She described it as a new analytical approach to help countries respond to international capital flows, the integrated policy framework.
Georgieva also praised Gopinath’s recent work on a Pandemic Plan to end the COVID-19 crisis by setting targets to vaccinate the world at feasible cost.
Gopinath, she said, will take the lead on surveillance and related policies, oversee research and flagship publications and help foster the highest quality standards for Fund publications.
“I could not be more pleased that Gita has decided to accept this new role as FDMD. I value highly her sound judgment, good counsel, and unwavering support,” Georgieva said. “I am excited for all of us at the Fund as we look forward to continue to benefit from working closely with her in the years ahead.”
The Indian government has awarded Gopinath the Pravasi Bharatiya Samman, the highest honor conferred on overseas Indians.
From 2016-18, she was the Economic Adviser to the Chief Minister of Kerala state in India. She also served as a member of the Eminent Persons Advisory Group on G-20 Matters for India’s Ministry of Finance.
Born in India, Gopinath received her PhD in economics from Princeton University in 2001 after earning a BA from Lady Shri Ram College and MA degrees from Delhi School of Economics and University of Washington.
Currently the Economic Counsellor and Director of the Research Department, Gopinath is on leave of public service from Harvard University’s Economics department where she is the John Zwaanstra Professor of International Studies and of Economics.
Gopinath’s research, which focuses on International Finance and Macroeconomics, has been published in many top economics journals.
She has authored numerous research articles on exchange rates, trade and investment, international financial crises, monetary policy, debt, and emerging market crises.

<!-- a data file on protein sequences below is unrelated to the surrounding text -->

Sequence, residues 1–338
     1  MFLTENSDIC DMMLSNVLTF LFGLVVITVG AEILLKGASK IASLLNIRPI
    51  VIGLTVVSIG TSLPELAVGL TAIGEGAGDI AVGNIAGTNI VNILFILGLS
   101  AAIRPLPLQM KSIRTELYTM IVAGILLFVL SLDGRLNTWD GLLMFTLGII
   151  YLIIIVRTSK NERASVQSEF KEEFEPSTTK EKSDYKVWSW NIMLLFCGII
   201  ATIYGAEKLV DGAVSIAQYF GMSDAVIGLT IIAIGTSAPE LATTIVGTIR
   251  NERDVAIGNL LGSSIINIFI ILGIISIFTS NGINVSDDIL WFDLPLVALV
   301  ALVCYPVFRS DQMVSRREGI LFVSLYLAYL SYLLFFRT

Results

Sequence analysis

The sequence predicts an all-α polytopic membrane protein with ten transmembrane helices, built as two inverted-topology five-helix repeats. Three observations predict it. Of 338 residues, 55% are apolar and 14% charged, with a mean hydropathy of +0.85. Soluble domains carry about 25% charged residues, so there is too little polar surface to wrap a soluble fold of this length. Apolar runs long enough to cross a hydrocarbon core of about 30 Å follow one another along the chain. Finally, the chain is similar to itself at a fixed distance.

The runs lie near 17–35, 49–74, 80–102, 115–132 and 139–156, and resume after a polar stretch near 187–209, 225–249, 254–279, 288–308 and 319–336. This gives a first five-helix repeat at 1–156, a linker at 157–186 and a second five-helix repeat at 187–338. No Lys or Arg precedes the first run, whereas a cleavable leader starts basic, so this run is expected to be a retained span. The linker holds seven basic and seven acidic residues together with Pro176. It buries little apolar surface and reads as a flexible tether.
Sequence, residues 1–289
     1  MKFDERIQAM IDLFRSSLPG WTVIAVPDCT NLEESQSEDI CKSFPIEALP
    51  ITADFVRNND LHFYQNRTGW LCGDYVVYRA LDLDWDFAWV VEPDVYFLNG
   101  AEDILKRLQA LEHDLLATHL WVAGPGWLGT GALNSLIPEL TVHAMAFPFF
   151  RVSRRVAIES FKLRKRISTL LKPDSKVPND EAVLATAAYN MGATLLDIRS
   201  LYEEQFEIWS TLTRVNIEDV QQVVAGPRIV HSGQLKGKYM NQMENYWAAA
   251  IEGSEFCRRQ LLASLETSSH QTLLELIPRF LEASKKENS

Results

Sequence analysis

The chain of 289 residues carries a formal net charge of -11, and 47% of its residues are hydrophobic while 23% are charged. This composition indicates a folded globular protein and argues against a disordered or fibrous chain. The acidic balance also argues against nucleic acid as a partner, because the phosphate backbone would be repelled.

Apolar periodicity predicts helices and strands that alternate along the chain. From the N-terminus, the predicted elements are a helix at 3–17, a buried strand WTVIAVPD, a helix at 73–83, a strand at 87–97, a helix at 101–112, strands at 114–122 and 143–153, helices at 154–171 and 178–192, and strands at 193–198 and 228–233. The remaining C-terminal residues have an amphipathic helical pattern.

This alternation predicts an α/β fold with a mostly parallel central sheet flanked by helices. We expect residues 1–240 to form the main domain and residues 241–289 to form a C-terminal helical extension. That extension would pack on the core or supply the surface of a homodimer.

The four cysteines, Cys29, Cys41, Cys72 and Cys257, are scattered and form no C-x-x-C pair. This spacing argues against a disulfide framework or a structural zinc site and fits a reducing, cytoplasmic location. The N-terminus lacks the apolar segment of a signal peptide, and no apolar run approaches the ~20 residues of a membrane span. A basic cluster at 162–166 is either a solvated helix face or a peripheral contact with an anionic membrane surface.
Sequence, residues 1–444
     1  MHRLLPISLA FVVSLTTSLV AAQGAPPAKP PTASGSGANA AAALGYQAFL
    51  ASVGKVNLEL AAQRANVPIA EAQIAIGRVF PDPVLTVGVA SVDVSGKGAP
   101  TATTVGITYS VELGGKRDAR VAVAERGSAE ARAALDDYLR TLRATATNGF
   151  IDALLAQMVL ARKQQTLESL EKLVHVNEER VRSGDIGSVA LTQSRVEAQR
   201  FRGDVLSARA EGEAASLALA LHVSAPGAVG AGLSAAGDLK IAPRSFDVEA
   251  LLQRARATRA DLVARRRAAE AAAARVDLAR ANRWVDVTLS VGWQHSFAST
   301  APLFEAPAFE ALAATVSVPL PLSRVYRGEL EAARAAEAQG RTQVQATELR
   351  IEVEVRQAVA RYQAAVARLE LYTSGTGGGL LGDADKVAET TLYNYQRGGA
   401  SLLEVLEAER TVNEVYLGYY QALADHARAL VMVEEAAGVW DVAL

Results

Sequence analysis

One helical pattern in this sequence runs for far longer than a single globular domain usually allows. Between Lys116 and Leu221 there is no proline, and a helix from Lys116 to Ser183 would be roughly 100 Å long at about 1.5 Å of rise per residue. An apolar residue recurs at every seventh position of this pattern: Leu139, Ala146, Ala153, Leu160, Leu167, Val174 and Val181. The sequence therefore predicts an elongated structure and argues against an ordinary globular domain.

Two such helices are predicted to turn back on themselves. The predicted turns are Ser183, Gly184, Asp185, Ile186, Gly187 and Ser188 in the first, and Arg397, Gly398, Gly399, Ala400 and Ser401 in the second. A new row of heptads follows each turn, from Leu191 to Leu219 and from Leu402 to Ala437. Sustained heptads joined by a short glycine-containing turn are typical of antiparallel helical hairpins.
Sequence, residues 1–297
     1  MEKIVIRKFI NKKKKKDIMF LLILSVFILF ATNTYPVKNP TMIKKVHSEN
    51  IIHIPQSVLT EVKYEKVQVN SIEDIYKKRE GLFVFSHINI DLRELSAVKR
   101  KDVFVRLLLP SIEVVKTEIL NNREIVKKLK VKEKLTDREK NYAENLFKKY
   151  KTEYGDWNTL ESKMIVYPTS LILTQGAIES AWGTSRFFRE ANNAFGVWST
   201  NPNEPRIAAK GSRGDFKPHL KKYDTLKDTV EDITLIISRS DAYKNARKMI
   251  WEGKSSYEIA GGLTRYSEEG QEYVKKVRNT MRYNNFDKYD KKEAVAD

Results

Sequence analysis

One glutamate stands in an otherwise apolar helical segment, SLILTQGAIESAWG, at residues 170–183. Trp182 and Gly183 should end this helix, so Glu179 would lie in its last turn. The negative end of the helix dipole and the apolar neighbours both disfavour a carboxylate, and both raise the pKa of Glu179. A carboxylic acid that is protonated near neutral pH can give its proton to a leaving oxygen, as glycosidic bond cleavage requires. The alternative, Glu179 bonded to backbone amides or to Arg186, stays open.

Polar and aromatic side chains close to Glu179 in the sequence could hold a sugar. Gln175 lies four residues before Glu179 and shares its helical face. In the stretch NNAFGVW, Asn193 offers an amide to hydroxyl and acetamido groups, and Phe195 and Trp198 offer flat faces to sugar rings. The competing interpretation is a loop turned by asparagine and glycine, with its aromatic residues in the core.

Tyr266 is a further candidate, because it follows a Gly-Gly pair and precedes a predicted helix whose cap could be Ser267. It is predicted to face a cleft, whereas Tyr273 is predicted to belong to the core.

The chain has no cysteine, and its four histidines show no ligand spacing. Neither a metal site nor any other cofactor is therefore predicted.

She is the co-editor of the current Handbook of International Economics and was earlier the co-editor of the American Economic Review and managing editor of the Review of Economic Studies.
She had also previously served as the co-director of the International Finance and Macroeconomics program at the National Bureau of Economic Research (NBER), a visiting scholar at the Federal Reserve Bank of Boston, and member of the economic advisory panel of the Federal Reserve Bank of New York.
Gopinath is an elected fellow of the American Academy of Arts and Sciences and of the Econometric Society, and recipient of the Distinguished Alumnus Award from the University of Washington.
Read: Gita Gopinath To Become IMF No. Two Official In Surprise Move (December 3, 2021)
In 2021, the Financial Times named her one of the 25 Most Influential Women of the Year. In 2019, Foreign Policy named her one of the Top Global Thinkers, in 2014, she was named one of the top 25 economists under 45 by the IMF and in 2011 she was chosen a Young Global Leader (YGL) by the World Economic Forum.
Before joining the faculty of Harvard University in 2005, she was an assistant professor of economics at the University of Chicago’s Booth School of Business.
Read: US-China trade war will hurt India: Gita Gopinath (March 26, 2018)
Read: Gita Gopinath’s appointment sparks row in Kerala (July 25, 2016)